Finland and Sweden submitted their applications for NATO membership on Wednesday and consultations were underway between the Allies to lift Turkey's opposition to the integration of the two Nordic countries into the Alliance.
"This is a historic moment at a critical time for our security," said NATO Secretary General Jens Stoltenberg, who received membership applications submitted by ambassadors from two countries. “We hope to quickly conclude” the process, he added.
Consultations were underway on Wednesday within the Atlantic Council to try to overcome Turkey's opposition to the launch of the accession process, we learned from a diplomatic source.
Ankara can slow it down by refusing to open discussions within the Atlantic Council, the first stage of the procedure.
Turkey can then block by refusing to sign the accession protocols and finally refuse to ratify the accession. The unanimity of the 30 members of the Alliance is imperative for membership.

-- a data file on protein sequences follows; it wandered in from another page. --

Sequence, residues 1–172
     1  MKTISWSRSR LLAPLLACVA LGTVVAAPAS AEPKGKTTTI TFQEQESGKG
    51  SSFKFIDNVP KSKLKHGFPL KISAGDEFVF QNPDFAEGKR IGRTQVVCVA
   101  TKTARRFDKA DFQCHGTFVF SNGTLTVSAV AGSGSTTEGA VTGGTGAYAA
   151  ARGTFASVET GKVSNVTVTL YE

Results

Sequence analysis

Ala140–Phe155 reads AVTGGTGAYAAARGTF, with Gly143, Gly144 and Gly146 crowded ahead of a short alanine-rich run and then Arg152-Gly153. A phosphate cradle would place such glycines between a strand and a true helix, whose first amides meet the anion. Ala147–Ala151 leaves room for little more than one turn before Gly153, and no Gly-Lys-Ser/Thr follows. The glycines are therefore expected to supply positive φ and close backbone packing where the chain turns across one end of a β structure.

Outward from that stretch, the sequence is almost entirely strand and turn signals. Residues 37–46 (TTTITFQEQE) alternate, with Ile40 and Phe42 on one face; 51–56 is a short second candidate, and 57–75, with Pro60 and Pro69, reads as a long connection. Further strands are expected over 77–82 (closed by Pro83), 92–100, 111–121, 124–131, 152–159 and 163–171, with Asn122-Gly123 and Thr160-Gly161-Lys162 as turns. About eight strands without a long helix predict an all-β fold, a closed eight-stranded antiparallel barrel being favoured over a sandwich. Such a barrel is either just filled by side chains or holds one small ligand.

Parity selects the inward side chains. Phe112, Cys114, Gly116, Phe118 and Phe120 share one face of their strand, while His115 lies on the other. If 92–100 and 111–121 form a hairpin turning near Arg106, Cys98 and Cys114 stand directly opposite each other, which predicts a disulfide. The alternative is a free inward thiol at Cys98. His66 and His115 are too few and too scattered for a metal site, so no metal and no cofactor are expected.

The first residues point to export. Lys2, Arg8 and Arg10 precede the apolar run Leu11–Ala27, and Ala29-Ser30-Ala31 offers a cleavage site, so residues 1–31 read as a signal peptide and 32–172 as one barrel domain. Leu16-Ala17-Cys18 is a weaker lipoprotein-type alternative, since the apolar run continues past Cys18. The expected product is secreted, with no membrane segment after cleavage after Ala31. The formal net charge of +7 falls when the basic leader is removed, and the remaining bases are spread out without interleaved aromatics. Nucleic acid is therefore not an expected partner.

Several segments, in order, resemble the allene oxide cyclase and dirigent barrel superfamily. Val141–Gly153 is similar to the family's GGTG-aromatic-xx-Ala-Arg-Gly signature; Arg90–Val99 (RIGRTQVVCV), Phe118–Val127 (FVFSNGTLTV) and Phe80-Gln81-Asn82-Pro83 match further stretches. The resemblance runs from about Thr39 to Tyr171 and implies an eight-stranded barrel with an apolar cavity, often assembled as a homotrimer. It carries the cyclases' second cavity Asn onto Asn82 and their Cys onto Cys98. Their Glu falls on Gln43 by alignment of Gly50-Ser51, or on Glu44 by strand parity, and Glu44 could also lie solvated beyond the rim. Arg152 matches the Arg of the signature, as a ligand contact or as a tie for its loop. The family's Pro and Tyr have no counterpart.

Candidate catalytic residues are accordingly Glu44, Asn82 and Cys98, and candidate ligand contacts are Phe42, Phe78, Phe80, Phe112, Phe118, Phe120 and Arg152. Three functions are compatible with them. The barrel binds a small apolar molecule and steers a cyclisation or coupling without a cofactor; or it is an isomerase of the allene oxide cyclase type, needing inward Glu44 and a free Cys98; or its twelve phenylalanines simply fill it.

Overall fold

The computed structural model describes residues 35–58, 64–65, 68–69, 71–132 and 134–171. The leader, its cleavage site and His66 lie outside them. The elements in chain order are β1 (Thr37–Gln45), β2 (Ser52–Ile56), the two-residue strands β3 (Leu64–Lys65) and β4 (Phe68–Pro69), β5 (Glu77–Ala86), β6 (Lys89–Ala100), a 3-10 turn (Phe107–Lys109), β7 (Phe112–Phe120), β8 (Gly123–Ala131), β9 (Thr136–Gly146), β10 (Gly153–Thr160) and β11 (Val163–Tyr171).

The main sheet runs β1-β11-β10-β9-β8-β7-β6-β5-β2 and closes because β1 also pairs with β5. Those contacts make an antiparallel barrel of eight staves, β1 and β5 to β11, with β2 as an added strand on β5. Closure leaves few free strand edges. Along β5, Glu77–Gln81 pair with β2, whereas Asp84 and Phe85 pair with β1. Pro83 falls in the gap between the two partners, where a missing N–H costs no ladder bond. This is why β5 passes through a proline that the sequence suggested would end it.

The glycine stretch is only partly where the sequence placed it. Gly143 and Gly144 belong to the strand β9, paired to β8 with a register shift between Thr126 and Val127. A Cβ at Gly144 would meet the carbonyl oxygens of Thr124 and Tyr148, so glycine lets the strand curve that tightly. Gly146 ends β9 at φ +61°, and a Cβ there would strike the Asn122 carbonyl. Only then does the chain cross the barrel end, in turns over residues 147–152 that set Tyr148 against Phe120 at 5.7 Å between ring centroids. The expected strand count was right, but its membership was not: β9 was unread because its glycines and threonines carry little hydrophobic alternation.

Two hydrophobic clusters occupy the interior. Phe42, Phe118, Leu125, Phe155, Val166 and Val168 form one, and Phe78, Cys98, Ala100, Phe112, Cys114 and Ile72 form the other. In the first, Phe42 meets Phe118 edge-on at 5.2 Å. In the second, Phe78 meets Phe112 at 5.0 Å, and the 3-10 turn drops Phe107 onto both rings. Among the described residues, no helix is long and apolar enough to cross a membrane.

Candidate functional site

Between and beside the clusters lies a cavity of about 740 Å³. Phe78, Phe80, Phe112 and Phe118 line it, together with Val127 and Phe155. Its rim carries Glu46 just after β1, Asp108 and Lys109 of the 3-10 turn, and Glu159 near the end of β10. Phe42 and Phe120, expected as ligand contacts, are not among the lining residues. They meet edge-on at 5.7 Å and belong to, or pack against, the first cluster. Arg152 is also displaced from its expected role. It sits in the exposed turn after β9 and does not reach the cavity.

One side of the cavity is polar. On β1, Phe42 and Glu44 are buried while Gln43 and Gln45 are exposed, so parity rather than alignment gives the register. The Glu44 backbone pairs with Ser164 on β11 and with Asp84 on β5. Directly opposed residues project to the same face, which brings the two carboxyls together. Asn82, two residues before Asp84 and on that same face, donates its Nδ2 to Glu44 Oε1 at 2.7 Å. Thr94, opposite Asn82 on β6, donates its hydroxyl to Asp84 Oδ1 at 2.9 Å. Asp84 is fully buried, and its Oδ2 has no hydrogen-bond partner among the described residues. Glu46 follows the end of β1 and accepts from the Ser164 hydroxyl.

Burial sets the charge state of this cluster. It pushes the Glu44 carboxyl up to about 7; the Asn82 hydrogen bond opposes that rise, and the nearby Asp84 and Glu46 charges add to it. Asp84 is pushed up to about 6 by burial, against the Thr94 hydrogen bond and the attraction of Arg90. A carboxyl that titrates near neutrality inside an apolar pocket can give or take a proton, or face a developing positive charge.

Turkish President Recep Tayyip Erdogan may want to bring the subject to the NATO summit organized in Madrid on June 29 and 30.
Ankara “will not give in”, he assured Monday. Ankara accuses Sweden of being “the nursery of terrorist organizations” like the Kurdish PKK and criticizes the two Nordic countries for not approving requests for the extradition of people accused of being terrorists as well as of having frozen exports arms to Turkey.
Turkey blocked earlier this week a NATO statement favorable to the accessions of the two countries, we learned from a diplomatic source.
The Turkish blockade deprives Finland and Sweden of the protection provided by NATO to all its members in the event of aggression.
“The security interests of all allies must be taken into account and we are determined to examine all issues and reach conclusions quickly,” Jens Stoltenberg assured the two ambassadors on Wednesday.